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HAITI ELECTIONS: Diaspora looking Inside Out

Posted: Mon Feb 06, 2006 10:48 am
by Michel Nau_
No election fever for S. Florida Haitians
Disappointment is sweeping South Florida's Haitian community as its homeland heads toward elections.
BY JACQUELINE CHARLES
jcharles@MiamiHerald.com
Not that long ago, Gustave Acacia was flashing his Haitian voter ID card, boasting to friends that he planned to travel home on election day and vote for the presidential candidate he hoped might deliver the country from turmoil.

That was five long months ago. It was before the vote was delayed four times, before violence blossomed into chaos, before kidnapping turned into a virtual industry and before one of Acacia's friends was shot dead by thugs yards from a U.N. peacekeepers' checkpoint.
''For me to go to Haiti and waste my vote, it could cost me my life,'' said Acacia, a Fort Lauderdale healthcare coordinator, as he looked to
ward the vote Tuesday. ``It's ridiculous. I can't even talk about elections right now.''

Neither can countless others in the 245,000-strong Haitian community in South Florida, ground zero for Haiti's overseas presidential politics. There is no election fever palpable here, only frustration and disillusionment.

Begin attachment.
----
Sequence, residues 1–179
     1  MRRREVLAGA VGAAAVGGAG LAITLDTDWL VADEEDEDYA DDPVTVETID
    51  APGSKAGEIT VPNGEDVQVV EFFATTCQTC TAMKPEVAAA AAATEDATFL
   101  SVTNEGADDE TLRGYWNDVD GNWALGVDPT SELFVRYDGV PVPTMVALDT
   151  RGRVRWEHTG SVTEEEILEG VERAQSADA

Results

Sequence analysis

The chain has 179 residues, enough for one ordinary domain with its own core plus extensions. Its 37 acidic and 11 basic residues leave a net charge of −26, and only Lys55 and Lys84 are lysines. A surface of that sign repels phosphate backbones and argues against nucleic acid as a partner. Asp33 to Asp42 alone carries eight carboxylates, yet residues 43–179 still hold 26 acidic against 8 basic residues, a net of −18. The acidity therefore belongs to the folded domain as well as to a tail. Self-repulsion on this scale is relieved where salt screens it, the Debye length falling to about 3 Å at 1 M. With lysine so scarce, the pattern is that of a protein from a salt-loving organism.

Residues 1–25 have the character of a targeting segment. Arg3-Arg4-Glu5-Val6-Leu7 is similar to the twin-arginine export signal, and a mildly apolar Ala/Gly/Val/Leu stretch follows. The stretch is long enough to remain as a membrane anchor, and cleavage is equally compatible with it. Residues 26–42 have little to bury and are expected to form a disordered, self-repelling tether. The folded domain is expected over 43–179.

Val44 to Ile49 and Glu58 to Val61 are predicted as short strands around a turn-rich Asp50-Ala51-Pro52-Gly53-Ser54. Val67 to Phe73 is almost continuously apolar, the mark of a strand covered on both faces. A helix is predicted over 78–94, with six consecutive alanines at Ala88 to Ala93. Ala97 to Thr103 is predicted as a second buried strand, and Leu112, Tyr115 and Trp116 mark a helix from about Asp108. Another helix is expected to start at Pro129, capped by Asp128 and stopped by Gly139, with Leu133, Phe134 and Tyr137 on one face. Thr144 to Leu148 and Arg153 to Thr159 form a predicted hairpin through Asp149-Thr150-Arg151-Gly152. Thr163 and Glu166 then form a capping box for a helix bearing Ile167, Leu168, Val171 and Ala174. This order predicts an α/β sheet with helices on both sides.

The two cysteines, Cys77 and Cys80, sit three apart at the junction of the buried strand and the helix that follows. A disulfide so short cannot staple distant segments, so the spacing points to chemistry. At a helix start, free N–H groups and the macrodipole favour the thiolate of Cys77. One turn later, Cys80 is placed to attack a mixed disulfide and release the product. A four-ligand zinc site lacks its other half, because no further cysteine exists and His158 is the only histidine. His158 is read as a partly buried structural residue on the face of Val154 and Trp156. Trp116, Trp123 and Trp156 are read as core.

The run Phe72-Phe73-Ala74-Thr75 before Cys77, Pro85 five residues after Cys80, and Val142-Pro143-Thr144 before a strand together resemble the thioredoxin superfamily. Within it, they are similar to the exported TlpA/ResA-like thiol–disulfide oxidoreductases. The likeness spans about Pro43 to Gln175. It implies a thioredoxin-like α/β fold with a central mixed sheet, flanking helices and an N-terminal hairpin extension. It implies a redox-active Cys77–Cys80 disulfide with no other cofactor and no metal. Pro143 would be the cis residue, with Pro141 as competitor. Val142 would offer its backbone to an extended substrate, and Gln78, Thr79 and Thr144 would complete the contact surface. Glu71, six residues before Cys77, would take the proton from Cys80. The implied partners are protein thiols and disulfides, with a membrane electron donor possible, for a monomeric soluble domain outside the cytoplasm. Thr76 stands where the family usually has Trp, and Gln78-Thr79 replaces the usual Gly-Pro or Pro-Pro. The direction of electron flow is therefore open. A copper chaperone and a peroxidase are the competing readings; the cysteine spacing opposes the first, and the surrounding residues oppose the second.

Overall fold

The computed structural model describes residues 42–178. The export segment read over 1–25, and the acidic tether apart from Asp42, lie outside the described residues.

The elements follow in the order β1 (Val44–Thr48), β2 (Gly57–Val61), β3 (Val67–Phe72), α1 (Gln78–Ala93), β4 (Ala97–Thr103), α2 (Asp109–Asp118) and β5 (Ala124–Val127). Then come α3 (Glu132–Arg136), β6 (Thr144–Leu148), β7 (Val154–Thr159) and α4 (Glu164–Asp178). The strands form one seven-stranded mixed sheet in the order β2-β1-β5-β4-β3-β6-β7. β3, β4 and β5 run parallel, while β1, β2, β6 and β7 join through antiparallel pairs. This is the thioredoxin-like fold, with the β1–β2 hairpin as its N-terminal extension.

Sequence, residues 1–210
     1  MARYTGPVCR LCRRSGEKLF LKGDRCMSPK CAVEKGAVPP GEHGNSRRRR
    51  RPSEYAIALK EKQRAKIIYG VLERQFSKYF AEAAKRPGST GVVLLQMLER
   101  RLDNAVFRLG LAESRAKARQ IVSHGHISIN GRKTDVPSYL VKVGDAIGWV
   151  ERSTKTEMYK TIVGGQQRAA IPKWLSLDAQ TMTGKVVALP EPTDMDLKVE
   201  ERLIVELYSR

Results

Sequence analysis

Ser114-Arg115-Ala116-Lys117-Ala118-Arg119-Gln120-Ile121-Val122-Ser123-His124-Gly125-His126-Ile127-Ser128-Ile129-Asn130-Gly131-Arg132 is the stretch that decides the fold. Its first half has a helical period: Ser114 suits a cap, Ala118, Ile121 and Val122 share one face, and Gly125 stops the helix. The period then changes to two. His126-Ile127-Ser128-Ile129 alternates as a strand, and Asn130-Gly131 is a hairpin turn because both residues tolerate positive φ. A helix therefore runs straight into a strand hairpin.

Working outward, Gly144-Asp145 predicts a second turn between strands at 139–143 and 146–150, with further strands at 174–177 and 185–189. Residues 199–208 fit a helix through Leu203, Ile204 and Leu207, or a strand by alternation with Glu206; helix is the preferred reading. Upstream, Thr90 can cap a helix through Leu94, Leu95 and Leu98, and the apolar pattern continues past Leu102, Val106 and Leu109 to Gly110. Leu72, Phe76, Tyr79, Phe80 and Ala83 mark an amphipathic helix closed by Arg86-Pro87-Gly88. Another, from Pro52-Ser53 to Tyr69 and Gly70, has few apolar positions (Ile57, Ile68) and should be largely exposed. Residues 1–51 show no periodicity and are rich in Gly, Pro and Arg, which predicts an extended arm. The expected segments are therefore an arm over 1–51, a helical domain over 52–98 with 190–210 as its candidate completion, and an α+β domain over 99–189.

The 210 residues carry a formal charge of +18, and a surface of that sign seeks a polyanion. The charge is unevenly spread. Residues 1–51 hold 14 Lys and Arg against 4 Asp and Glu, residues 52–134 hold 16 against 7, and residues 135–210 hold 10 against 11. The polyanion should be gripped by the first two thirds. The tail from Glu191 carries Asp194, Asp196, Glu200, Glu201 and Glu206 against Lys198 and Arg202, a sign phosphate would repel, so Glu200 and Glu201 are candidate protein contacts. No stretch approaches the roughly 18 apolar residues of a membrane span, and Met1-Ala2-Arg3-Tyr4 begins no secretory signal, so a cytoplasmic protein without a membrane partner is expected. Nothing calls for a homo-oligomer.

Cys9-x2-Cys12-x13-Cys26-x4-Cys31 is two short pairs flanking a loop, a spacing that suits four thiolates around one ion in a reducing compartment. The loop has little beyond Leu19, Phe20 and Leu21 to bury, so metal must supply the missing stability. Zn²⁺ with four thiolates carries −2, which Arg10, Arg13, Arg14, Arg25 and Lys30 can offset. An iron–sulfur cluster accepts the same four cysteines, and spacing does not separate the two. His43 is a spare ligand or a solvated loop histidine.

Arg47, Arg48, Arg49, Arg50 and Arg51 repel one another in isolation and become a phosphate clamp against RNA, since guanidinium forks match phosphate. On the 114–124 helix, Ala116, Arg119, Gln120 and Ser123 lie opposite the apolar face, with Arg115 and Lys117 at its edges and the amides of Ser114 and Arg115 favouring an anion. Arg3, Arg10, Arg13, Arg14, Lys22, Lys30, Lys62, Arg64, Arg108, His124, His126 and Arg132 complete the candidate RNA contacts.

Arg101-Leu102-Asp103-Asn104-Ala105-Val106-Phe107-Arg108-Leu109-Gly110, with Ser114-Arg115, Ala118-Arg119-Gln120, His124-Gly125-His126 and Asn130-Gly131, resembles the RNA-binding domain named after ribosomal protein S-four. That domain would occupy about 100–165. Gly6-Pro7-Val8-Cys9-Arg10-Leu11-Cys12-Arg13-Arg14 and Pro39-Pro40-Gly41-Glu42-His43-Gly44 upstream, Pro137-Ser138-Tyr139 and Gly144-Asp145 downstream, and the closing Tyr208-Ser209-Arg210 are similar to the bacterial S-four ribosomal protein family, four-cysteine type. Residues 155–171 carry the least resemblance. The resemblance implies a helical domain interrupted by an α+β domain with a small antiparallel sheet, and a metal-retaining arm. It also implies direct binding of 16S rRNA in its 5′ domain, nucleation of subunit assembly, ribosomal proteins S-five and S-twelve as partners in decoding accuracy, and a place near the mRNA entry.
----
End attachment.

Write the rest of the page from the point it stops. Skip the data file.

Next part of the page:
''There is Haiti fatigue,'' said Lavarice Gaudin, a leader of Veye Yo, a Miami-based grassroots political group that supports former President Jean-Bertrand Aristide. His ouster in 2004 sparked the current round of chaos.

LUKEWARM RESPONSE
The kind of excitement that washed over South Florida streets in 1990, when Haitians turned out in droves to give Aristide a landslide win in the country's first-ever fully democratic elections, is all but gone today. Back then, campaign signs landscaped the streets of Haitian neighborhoods, Haitians turned their homes into campaign offices and join
ed scores of street rallies.

Today, election talk is left to Creole-language radio, jitney rides, dinner time at home and the occasional debates in Little Haiti restaurants and convenience stores. ''Right now the response is lukewarm given the general mood of the country. The elections are not really a priority,'' said Herntz Phanord, host of an afternoon Creole talk show on 1700 AM (Planet 17). ``They have a wait-and-see attitude.''
There's frustration with the political bickering that has delayed the elections and the violence that continues, members of the community say. There's even a generalized doubt that the vote will take place on Tuesday as scheduled because of the deteriorating security.